Defendants, in April of 1995 and prior to any discovery, moved to dismiss the complaint for lack of subject matter jurisdiction, lack of personal jurisdiction over three of the defendants, and forum non conveniens. Although defendants sought permission from the district court also to move for dismissal on the grounds of failure to state a cause of action, the district court ordered the defendants to address only the jurisdictional and forum non conveniens issues. See Order dated March 14, 1995, 94 Civ. 7471 (Batts, Deborah A., Judge ). Paribas submitted declarations from Arida; John Baker, the Compliance Officer of the London branch of Paribas; Pierre Corbiau, Secretary of the Fund; Denis Coulon, Director of PAM; and Andrew Charles Smith, a member of the Bar of England and Wales experienced in the commercial and business law of England. The bank also offered a copy of its Investment Agreement with EOC. EOC submitted a declaration of Carr. After a hearing, the district court requested additional information on factual issues pertinent to the jurisdictional questions. EOC submitted a second Carr declaration, which contradicted in significant respects defendants' factual allegations, and defendants submitted further statements from Baker. Judge Jones issued her decision of dismissal on June 19, 1996. EOC filed notice of appeal on July 19, 1996. We have appellate jurisdiction pursuant to 28 U.S.C. § 1291. On July 11, 1997, following oral argument in this case, we invited the Securities and Exchange Commission (“SEC”) to submit an amicus curiae brief, which it did on October 9, 1997.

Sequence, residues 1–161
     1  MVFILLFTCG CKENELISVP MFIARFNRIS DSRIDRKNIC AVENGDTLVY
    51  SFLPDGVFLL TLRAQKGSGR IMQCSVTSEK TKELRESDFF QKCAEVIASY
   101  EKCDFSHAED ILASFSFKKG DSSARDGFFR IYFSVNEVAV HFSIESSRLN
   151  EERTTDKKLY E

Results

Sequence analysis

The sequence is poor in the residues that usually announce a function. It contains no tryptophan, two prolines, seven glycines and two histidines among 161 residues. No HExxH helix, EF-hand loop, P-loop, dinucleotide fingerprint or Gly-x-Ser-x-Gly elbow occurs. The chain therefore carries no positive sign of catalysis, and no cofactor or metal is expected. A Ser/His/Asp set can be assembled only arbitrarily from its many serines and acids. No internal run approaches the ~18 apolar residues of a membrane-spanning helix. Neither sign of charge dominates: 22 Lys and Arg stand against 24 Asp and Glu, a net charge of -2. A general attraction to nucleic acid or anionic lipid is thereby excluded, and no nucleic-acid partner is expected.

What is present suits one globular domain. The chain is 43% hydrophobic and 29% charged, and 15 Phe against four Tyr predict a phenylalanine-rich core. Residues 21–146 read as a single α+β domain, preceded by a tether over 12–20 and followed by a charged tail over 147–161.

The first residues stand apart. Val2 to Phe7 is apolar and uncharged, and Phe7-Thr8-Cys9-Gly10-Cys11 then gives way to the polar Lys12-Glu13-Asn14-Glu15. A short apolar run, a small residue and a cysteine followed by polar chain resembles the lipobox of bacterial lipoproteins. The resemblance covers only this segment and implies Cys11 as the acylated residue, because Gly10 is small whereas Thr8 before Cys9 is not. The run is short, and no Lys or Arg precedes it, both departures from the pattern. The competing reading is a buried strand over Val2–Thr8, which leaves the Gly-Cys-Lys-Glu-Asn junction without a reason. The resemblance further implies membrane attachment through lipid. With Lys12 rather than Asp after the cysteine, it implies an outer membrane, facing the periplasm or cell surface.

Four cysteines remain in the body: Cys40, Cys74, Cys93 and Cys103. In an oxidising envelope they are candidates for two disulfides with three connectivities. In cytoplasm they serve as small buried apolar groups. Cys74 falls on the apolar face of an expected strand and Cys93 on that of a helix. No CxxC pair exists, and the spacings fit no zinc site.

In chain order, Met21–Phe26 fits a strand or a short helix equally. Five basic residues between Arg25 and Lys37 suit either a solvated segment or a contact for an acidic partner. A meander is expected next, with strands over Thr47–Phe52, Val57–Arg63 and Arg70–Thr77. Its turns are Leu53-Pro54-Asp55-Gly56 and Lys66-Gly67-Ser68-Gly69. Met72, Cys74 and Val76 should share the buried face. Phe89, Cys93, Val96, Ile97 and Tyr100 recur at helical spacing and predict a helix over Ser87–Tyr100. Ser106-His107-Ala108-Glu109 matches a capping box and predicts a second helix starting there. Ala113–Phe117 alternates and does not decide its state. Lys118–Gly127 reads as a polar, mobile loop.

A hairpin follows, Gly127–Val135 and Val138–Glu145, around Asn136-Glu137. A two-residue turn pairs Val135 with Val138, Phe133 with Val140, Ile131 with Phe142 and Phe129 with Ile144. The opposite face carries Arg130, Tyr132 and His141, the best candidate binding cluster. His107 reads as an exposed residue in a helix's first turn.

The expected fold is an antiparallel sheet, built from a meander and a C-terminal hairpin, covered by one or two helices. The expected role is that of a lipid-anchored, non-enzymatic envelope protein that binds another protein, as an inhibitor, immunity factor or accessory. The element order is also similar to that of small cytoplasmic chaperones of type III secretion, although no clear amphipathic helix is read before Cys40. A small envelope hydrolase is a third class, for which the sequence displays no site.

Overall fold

The facts of this case, though disputed, are sparse. We nevertheless attempt to sketch them in sufficient detail to provide background for the opinion that follows. In so doing, we state the allegations of the complaint, but also indicate some of the points which the defendants strongly dispute.1
EOC's account at Paribas was established in London in 1992. The “Non-discretionary Investment Agreement” between EOC and Paribas was executed on October 22, 1992, by EOC directors Ian F. Leger and Herbert W. Marvelly. In this agreement, EOC gave a corporate registration address in Panama and a mailing address in Monaco. The company also represented that its directors' meetings take place in Monaco, and named an agent for service of process in England.